Carlow County - Ireland Genealogical Projects (IGP TM)
Pat O'Mahony Memoirs
By Pat O’MahonySource: Michael Purcell & Transcribed by J.J. Woods 2009
The above nomenclature epitomizes our Celtic propensity for jingoistic insularity — which is a high falutin’ way of saying that we tend to call “a bloody shovel a spade” and not vice versa as most other do. When the rest of the world chose to refer to the events that took place between 1939 and 1945 as World War II we persisted in regarding it as a mere local nuisance. After all, it wasn’t our schmozzle and, apart from the tragic events at Borris, Campile and North Strand and, of course, Belfast, we remained comparatively unscathed. On the other hand, virtually everyone living in Southern Ireland (we hadn’t yet declared ourselves a Republic) was affected, to a greater or lesser extent, by the conflict. The following reminiscences are an attempt to record how it impinged on my own way of life.
I knew, of course, that there was some sort of international nark in the offing for a long time before hand but gave little heed to it. The day war was declared I happened to be cycling down through County Clare on my way from Galway to Cork when a local yokel shouted the news. My reply, which was probably typical of most young people at the time, was, “I couldn’t care less” — or words to that effect. This was strictly true and my attitude hardly changed throughout the period in question, although my life style, in common with everyone else, was changed considerably.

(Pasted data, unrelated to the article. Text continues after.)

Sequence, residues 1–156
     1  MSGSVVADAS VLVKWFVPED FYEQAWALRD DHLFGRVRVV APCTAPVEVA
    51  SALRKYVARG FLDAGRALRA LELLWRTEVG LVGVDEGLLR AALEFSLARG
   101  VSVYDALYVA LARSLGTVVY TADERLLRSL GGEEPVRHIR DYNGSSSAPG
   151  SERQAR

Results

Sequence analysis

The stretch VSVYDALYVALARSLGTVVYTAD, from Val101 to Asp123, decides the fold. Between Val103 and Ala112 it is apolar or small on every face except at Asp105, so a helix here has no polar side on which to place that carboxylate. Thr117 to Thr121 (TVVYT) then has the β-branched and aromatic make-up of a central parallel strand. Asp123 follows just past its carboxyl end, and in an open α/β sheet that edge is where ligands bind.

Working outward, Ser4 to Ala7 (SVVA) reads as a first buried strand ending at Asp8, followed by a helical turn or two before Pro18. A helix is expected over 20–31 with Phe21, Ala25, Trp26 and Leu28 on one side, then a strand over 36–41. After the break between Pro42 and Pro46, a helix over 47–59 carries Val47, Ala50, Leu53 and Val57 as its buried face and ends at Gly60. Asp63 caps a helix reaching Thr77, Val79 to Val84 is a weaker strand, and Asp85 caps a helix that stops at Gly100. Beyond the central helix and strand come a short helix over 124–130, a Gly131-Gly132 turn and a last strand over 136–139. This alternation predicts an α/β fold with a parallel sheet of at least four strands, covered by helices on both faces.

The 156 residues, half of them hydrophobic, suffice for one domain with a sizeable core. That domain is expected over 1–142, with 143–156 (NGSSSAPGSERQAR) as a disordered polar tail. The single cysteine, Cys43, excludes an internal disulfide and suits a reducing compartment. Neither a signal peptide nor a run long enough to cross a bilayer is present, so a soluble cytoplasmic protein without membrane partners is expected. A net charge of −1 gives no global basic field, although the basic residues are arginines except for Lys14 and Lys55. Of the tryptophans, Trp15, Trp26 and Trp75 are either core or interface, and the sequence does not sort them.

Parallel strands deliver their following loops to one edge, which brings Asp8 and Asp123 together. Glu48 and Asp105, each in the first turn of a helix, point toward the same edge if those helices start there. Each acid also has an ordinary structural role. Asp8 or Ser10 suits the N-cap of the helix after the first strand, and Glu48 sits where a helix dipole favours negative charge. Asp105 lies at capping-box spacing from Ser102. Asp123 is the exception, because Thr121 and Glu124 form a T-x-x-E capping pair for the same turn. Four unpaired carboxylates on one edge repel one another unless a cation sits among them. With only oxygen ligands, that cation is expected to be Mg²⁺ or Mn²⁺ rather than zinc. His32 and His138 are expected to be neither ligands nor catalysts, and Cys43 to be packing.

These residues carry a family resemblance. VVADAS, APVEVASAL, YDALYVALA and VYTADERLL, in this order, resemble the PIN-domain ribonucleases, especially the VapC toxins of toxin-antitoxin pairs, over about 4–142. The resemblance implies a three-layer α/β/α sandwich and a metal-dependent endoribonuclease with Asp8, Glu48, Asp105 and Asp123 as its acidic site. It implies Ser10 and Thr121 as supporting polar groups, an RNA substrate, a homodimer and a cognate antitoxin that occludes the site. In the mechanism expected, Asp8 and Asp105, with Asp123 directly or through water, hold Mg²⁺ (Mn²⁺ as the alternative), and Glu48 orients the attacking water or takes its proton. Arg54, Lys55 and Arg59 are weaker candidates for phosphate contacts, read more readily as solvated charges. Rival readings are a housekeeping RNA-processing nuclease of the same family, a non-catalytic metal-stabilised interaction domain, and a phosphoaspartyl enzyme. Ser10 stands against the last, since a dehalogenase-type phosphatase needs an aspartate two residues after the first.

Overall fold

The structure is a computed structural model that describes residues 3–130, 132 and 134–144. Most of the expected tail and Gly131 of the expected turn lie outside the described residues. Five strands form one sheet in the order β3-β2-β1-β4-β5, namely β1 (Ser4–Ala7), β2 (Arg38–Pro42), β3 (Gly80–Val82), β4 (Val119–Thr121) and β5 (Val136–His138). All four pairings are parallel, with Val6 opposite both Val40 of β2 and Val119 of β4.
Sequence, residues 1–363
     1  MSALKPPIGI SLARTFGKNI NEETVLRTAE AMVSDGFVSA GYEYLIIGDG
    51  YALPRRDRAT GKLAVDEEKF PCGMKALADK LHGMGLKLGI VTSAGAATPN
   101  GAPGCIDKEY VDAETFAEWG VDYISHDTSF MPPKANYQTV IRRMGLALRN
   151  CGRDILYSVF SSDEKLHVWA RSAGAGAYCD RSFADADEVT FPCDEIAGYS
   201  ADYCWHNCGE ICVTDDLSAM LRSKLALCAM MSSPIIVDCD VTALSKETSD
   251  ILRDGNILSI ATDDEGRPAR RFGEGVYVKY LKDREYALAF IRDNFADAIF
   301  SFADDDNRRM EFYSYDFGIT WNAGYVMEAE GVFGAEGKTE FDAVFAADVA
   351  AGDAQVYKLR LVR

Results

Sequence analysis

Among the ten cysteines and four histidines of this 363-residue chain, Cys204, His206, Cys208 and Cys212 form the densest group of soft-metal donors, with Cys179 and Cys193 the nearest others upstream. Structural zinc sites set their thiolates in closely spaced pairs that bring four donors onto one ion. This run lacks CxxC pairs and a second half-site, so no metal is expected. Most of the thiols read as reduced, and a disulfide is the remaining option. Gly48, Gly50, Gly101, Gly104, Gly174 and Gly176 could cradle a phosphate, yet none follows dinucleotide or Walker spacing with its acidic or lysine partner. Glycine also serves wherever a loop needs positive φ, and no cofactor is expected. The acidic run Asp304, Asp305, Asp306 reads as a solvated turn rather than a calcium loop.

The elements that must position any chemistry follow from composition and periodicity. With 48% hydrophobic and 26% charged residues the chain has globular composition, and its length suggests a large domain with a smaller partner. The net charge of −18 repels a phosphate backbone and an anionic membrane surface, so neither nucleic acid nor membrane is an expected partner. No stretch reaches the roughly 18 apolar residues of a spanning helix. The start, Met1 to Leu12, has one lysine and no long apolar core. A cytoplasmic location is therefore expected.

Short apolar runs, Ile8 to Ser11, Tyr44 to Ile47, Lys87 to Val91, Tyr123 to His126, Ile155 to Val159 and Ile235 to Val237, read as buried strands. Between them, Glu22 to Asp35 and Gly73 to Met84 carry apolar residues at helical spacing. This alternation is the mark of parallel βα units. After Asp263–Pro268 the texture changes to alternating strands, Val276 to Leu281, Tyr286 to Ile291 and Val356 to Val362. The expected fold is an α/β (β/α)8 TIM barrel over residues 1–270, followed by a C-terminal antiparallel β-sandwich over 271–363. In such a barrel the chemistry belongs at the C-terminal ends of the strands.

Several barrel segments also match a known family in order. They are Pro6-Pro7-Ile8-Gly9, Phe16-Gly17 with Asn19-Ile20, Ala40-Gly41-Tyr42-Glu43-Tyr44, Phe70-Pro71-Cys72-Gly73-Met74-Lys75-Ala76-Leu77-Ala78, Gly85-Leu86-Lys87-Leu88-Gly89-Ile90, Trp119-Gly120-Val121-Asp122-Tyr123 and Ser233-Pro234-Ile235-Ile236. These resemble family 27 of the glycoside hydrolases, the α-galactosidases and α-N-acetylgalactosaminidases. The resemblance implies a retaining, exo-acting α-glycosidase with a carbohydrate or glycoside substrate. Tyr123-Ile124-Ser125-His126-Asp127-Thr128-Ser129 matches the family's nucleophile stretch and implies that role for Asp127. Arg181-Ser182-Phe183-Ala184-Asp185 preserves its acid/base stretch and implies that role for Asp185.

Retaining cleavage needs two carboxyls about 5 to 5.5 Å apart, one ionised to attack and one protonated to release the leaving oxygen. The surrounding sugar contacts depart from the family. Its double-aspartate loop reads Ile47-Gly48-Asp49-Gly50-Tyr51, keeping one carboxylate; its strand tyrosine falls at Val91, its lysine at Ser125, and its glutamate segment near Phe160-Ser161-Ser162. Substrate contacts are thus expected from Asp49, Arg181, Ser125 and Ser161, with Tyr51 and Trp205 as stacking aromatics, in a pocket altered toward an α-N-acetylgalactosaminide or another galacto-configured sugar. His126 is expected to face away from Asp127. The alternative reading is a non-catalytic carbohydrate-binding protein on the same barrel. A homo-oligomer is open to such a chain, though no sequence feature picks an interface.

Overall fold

Shortages of essential commodities began to manifest themselves as time went on but I doubt that anyone could honestly claim that they suffered any real hardship as a result. They were largely a minor irritant. Here are some examples:
Tea. The half ounce per week left me totally unaffected. My first son having been born about that time entitled us to 1½ oz. every Friday which was adequate for our needs. His staple diet being mother’s milk and my liquid refreshment being cocoa and coffee (bottle) left my wife with an ample supply of the precious leaves even to the extent of occasionally making it in a cup.
Sugar. Although I have a sweet tooth I had given up its use many years before, for Lent, and never went back. Our half pound, or so, per week was quite sufficient.
Bread. Believe it or not, I actually liked the so-called ‘black’ bread and now realise that it contributed in no small way to the health of the nation. On the other hand, most people hated it and did a bit of illicit sieving from time to time. The guests at my wedding breakfast wolfed into the plates of white bread provided, illegally, by the caterer and largely ignored the other goodies. I also remember returning from the North with a boot full of white loaves as gifts for friends and relatives.